“Just a lot of smiles, a lot of jokes, and a lot of hugs,” Stivrins said. “I’m not usually a person that likes hugs, but man, we were happy, and everyone was getting hugs.”
Seniors on four-year surge
At the end of his opening statement at the postgame press conference, Cook was effusive in his praise of senior co-captains Mikaela Foecke and Kenzie Maloney.
“Mikaela and Kenzie continue to raise a very high bar at Nebraska,” Cook said. “Four straight Final Fours now. It’s hard to put that into words how hard that is. It’s really hard to get to this point, to be playing next week.
“These guys deserve the credit, the leadership that they bring every day and how they work is really impressive.”
Cook also noted that the pair are 51-2 in November and December matches. Foecke and Maloney also are 20-1 in their NCAA tournament careers. Those 20 victories are the most in a four-year span in Nebraska history.
With her 16 kills against Oregon, Foecke moved into third place on the Huskers all-time kills list. Now with 1,638, Foecke moved past Lisa Reitsma (1,633). Foecke also is No. 2 on Nebraska’s NCAA tournament career kills list with 263, moving past Nancy (Meendering) Metcalf.
Big Ten bracket-buster
After alluding to how the NCAA tournament was seeded on his way out of Friday’s press conference, Cook was asked for his thoughts on how so many Big Ten teams ended up on one side of the bracket.
“When you have a conference that has five of the top teams, four of the Elite Eight and six in the Sweet 16, and they’re knocking each other off, it’s tough,” Cook said. “Wisconsin played Illinois today, and there was a good chance we would have been playing Minnesota today.
“The committee has to live with what they do, and they go about their business.”
Cook said if this had happened in another sport, there would be a bigger sense of outrage and more time spent on the topic.
“I have a feeling that if this was men’s basketball, sports talk would be going all daylong discussing all of this,” Cook said. “I think you’d see some coaches stepping up like if you had five ACC teams all knocking each other off.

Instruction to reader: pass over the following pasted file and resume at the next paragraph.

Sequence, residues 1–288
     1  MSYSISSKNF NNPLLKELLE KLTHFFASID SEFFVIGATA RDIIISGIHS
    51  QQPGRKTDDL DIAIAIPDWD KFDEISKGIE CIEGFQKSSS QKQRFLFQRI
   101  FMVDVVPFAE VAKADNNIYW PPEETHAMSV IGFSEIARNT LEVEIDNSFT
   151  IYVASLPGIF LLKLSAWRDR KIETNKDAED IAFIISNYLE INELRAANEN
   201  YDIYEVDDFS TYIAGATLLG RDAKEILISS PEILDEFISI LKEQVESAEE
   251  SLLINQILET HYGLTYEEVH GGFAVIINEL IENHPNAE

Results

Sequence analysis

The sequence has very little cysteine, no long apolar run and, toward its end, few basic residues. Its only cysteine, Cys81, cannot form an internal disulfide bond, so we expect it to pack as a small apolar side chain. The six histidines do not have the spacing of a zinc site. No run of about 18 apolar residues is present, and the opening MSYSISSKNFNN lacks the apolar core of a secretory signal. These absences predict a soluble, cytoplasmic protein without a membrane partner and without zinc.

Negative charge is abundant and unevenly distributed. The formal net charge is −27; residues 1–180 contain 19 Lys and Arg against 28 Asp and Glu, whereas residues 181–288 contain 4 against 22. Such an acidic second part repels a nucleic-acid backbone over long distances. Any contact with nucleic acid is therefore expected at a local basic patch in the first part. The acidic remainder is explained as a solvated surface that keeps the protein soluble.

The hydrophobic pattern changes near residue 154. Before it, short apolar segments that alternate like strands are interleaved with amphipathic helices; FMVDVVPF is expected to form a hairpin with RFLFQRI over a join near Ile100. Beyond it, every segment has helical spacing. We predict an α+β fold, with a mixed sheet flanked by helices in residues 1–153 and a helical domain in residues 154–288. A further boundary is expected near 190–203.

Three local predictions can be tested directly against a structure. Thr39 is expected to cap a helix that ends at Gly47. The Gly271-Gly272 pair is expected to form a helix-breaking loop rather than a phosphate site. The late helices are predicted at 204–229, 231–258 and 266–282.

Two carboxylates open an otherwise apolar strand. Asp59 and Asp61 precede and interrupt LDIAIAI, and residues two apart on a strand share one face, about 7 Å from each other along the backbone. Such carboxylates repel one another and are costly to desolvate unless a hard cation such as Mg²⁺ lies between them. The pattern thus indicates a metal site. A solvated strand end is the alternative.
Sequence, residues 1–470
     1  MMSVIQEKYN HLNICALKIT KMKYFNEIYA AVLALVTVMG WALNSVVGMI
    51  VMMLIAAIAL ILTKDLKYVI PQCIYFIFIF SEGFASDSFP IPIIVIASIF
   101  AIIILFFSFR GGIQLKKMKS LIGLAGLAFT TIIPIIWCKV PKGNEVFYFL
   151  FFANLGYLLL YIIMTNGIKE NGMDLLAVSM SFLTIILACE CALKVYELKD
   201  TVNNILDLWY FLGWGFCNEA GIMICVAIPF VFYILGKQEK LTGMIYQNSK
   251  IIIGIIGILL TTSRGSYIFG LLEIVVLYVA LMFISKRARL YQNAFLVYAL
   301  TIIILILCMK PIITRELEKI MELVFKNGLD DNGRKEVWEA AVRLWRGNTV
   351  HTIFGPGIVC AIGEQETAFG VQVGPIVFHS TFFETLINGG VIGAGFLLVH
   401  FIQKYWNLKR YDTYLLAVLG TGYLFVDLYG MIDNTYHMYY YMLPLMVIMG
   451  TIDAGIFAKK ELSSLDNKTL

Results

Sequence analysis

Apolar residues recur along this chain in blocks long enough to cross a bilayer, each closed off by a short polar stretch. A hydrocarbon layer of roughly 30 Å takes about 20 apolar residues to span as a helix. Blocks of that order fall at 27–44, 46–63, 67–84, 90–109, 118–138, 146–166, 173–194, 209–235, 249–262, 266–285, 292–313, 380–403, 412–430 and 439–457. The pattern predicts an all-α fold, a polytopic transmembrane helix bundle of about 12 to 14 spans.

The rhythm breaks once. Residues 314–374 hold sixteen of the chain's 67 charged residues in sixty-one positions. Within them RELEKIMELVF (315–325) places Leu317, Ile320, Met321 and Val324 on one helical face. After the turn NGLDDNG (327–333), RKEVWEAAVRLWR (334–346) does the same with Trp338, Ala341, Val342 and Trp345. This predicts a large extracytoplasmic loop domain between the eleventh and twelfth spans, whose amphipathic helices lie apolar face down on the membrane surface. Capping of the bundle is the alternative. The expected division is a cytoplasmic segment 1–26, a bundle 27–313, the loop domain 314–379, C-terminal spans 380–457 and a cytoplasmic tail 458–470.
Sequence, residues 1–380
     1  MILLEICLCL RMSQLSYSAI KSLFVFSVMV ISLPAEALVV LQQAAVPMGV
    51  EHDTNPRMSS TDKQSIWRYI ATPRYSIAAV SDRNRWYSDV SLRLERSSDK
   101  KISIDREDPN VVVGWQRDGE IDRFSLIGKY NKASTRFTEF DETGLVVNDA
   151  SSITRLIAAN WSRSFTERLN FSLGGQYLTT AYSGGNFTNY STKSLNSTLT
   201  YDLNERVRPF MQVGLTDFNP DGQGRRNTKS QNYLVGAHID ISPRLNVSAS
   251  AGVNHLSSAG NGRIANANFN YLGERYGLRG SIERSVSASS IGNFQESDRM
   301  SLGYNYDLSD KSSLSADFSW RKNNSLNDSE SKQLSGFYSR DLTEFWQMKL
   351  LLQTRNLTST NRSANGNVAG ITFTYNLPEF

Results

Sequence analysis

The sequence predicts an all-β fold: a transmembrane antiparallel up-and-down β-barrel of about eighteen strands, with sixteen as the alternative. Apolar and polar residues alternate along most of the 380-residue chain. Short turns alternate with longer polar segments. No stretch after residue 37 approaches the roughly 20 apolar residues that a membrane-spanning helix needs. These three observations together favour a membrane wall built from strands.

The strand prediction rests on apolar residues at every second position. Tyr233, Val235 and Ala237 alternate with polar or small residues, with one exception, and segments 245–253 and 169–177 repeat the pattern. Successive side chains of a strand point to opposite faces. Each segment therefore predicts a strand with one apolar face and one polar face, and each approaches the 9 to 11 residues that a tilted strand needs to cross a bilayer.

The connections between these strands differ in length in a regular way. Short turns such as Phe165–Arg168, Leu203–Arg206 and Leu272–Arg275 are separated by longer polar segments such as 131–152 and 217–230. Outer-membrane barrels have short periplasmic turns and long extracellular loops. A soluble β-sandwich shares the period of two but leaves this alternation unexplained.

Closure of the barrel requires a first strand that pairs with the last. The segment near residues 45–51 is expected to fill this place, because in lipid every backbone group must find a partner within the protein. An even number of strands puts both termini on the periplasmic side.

“It’s a credit to our conference, this conference is really good. You’ve got to win matches to win it, but it’s just tough when Big Ten teams have to play each other a lot.”
Ducks out of water in 3rd
Oregon coach Matt Ulmer said his team got in its own way a bit in the third game, and that allowed the Huskers to have more success with their plays.
“We hit over .300 after the first two sets, .250 for the match, which I think against Nebraska is one of the higher offensive outputs against them,” Ulmer said. “I didn’t think our serving was as aggressive as it needed to be against them, and that definitely allowed them to get into a rhythm and that cost us.”
Nebraska spotted the lead when things started to change in Oregon’s approach, and was able to quickly make adjustments.
“We were trying to find different ways to score, and they were taking that away,” Ulmer said. “As opposed to staying really disciplined and doing what we do.”“That’s kind of been our M.O., when things go bad, we try to do too much, all season. At the end we tried to do too much with the ball, and they were a solid block. They weren’t having much success blocking us for the night.”
Semifinals: No. 6 Nebraska vs. No. 3 Illinois
When: 8 p.m. Thursday
Where: Target Center, Minneapolis, MN
Radio: KNCY 1600 AM, 105.5 FM